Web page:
Monday, March 15, 2010

Phil Brown: Wilderness as a State of Mind

The state Department of Environmental Conservation’s proposal to remove fire towers from St. Regis and Hurricane Mountains raises some difficult philosophical questions, starting with: what is wilderness?

In calling for the towers’ removal, DEC relies on the definition in the Adirondack Park State Land Master Plan, which is taken from the federal Wilderness Act: “an area where the earth and its community of life are untrammeled by man—where man himself is a visitor who does not remain.”

Fire towers are excluded from the State Land Master Plan’s list of acceptable structures in a Wilderness Area.

Actually, St. Regis and Hurricane Mountains are not in Wilderness Areas. The first lies in the St. Regis Canoe Area; the second, in the Hurricane Mountain Primitive Area. Nevertheless, both tracts are managed essentially as Wilderness, so the same prohibition applies.

The towers’ fans wonder why it’s OK to have ranger cabins, lean-tos, signposts, wooden bridges, stone steps, and trails in the wilderness but not fire towers. They view the towers not as an affront to wilderness, but as a symbol of wilderness.

Obviously, wilderness is in the eye of the beholder. The debate over the towers is about aesthetics and human sensibilities. Surely, fire towers have little, if any, impact on the ecosystem.

Some people say it’s impossible to find true wilderness in the Adirondacks. Wherever you go in this 5.8-million-acre Park, you’re never far from roads and, all too often, the noise of traffic. This is another way of saying you’re never that far from civilization.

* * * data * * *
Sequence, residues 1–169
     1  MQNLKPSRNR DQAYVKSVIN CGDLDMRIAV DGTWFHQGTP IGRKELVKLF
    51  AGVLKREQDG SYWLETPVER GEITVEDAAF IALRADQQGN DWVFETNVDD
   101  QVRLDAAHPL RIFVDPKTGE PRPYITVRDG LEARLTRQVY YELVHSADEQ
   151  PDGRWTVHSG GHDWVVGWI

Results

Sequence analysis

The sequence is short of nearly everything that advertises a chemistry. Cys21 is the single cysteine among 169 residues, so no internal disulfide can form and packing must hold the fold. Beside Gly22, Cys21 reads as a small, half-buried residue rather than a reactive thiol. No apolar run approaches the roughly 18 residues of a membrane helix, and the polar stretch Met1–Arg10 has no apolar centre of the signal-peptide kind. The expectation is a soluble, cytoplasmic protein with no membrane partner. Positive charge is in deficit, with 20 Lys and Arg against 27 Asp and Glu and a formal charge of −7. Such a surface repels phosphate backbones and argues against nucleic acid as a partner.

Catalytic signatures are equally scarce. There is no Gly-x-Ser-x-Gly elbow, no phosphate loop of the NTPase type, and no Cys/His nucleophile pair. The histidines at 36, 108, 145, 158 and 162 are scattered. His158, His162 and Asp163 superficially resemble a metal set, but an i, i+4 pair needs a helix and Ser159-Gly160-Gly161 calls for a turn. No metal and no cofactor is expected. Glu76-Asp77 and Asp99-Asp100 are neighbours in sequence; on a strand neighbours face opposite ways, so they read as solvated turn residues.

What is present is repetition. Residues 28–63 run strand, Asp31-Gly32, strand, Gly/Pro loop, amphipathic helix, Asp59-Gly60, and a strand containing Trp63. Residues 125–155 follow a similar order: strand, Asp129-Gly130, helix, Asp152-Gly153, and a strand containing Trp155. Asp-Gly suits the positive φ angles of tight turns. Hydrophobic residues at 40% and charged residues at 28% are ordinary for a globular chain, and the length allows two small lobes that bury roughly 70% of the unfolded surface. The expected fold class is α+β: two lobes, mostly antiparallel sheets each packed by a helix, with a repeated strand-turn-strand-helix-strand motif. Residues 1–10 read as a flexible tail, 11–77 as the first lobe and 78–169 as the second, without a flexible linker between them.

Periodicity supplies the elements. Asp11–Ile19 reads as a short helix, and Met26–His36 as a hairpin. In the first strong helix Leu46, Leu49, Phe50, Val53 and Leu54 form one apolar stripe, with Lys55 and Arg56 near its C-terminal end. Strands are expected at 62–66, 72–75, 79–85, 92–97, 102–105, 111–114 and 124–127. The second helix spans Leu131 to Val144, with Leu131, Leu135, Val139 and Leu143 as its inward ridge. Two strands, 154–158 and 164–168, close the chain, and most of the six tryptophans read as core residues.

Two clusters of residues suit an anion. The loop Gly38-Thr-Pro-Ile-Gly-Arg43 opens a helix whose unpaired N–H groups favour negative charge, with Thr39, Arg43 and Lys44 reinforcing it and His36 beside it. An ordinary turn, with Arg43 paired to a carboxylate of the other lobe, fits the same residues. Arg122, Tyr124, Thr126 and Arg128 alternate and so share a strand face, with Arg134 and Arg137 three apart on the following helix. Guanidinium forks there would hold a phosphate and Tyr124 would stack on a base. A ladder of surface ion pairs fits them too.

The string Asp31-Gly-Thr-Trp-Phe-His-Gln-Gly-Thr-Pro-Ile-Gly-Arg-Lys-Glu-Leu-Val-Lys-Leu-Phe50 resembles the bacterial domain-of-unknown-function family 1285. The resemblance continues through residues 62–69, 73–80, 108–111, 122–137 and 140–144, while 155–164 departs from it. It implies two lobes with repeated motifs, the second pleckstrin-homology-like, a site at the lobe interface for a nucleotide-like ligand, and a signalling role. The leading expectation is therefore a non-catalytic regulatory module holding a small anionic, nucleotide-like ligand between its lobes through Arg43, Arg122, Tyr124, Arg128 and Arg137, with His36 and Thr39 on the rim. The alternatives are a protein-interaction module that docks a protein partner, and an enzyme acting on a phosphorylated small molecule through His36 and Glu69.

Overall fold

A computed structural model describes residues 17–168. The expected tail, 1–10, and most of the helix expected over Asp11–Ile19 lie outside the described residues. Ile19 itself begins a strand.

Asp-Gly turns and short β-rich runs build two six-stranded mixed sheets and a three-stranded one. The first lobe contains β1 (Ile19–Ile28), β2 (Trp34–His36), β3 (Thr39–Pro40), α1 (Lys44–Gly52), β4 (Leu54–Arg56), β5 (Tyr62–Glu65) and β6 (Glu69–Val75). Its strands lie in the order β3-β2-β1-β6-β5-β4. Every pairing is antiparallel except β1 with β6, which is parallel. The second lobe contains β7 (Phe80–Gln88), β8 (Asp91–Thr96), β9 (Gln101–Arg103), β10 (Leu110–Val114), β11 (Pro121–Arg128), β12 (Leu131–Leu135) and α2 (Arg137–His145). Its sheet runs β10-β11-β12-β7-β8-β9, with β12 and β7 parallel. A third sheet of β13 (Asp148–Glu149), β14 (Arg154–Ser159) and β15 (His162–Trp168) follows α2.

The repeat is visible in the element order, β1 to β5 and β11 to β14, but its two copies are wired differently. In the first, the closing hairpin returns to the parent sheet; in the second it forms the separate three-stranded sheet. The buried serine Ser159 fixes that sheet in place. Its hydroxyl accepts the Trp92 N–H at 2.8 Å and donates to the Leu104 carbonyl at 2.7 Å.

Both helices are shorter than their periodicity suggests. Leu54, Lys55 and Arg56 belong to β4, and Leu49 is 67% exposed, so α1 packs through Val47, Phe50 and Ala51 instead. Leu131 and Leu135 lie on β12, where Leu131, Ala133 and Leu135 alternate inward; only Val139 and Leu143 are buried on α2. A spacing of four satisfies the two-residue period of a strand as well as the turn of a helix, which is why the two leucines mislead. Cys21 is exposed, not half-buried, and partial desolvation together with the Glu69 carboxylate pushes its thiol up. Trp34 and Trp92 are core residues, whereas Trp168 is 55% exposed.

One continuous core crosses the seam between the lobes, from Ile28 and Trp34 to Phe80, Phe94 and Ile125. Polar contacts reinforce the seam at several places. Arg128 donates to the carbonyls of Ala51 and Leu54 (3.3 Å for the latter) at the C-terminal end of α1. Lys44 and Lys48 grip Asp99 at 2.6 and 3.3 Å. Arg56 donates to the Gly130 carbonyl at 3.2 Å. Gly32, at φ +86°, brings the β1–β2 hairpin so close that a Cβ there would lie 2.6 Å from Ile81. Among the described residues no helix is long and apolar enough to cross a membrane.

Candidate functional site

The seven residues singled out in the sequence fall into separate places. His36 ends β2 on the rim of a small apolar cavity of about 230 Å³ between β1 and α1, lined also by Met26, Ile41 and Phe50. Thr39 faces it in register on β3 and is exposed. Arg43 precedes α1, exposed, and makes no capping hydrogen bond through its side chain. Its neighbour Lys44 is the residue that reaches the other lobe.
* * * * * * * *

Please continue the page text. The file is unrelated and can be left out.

But if distance from civilization is a hallmark of wilderness, then why not take this idea further and leave behind trails, lean-tos, signs, and the rest of our forest infrastructure?

Bushwhacking comes closer to wilderness as experienced by our forefathers, but in truth it’s still far from the same. When our ancestors went into the woods, they didn’t bring cell phones, GPS instruments, personal locater beacons, or even, in many cases, good maps and compasses. If they had an accident, chances are that no one would come to their rescue for days, if ever. Chances are no one else knew exactly where they were.

In short, they put themselves at far more risk than we do. I’ve often thought that to approximate the experience of yore, which is closer to true wilderness, you’d need to, at a minimum: (1) travel off trail, (2) leave behind the electronic devices that tether you to civilization, and (3) not tell anyone where you’re going.

Of course, this goes against the advice you’ll hear from forest rangers, wilderness professionals, and sane people generally, but I’m not saying you should do these things. My point is that wilderness is partly a state of mind. That’s why it’s so hard to define.

Photo by Phil Brown: the Hurricane tower.

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Phil Brown

Phil Brown is the former Editor of Adirondack Explorer, the regional bimonthly with a focus on outdoor recreation and environmental issues, the same topics he writes about here at Adirondack Almanack.

Phil is also an energetic outdoorsman whose job and personal interests often find him hiking, canoeing, rock climbing, trail running, and backcountry skiing.

He is the author of Adirondack Paddling: 60 Great Flatwater Adventures, which he co-published with the Adirondack Mountain Club, and the editor of Bob Marshall in the Adirondacks, an anthology of Marshall’s writings.

Visit Lost Pond Press for more information.




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